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If we assume that wages and prices are sticky, monetary and fiscal policy interact as follows:
In addition to stabilization of aggregate demand, one goal of governments is to grow potential output which is achieved by encouraging private investments by following easy monetary and tight fiscal policy. The government might also be required to invest in human capital or a modern infrastructure, which if not financed with taxes requires easy monetary policy, which can induce inflation. But all these considerations are influenced heavily by political context. For example, a government might continue to provide heavy subsidies to certain sectors, which must be offset with contractionary monetary policy. Other factors influencing policy choice include lack of timely and reliable data, time lags, etc.
When fiscal policy is not coupled with monetary accommodation (i.e. there is no expansionary monetary policy), government spending has a far bigger impact than transfer payments or tax cuts. However, tax cuts or transfers aimed at the poorest segments have the most impact. However, if monetary policy is accompanied by monetary accommodation, fiscal multipliers are more pronounced. However, if monetary accommodation is in the form of central bank purchases of large amounts of government debt, it might be viewed as ‘printing of money’ i.e. monetization of government deficit.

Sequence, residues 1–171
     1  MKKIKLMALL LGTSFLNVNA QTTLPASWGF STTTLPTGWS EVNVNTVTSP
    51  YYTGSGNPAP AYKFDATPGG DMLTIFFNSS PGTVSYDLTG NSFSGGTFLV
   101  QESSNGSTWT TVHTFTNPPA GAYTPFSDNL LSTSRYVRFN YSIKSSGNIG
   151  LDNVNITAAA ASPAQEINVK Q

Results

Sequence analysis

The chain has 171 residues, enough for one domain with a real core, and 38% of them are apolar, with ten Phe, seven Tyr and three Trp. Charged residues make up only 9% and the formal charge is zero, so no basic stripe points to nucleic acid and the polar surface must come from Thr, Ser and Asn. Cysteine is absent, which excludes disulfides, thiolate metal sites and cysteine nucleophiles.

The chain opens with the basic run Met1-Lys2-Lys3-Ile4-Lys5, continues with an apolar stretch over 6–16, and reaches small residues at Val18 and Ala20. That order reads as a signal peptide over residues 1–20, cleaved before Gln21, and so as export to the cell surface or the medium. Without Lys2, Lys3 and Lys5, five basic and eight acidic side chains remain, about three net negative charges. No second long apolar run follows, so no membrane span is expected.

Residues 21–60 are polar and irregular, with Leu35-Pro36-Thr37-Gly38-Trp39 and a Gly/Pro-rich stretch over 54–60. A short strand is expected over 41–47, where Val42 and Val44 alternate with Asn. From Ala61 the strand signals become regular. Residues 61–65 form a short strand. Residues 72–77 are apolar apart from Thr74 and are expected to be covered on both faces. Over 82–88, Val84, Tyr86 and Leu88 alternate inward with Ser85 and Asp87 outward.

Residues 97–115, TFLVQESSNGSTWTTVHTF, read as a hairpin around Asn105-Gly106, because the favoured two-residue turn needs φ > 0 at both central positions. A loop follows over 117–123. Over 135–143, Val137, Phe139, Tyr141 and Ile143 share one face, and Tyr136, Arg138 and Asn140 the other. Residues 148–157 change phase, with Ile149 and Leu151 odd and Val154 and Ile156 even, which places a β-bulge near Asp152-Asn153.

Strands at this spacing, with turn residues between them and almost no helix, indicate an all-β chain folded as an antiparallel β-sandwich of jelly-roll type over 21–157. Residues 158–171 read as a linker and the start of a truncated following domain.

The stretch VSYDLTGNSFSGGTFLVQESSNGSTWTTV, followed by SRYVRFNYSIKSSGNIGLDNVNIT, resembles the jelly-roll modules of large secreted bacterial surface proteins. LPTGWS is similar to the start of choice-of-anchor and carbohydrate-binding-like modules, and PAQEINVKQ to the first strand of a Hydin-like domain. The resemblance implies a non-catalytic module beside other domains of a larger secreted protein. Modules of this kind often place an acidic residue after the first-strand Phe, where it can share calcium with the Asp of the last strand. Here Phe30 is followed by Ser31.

In the long-run, persistently high budget deficit may cause a high interest rate thus causing a crowding out of private investments, thereby hurting an economy’s growth potential. This and lack of fiscal discipline nullify any positive impact of expansionary fiscal policy.
The proportion of government sector relative to the private sector would grow in which of the following interaction of monetary and fiscal policy?
A is correct. An easy fiscal policy means an increase in the budget deficit and a tight monetary policy means that money supply will shrink causing an increase in interest rate which would most likely decrease private investment. Hence, the government’s share of national income would grow. If both fiscal and monetary policies are expansionary, both sectors grow.
by Obaidullah Jan, ACA, CFA on Tue Feb 11 2020
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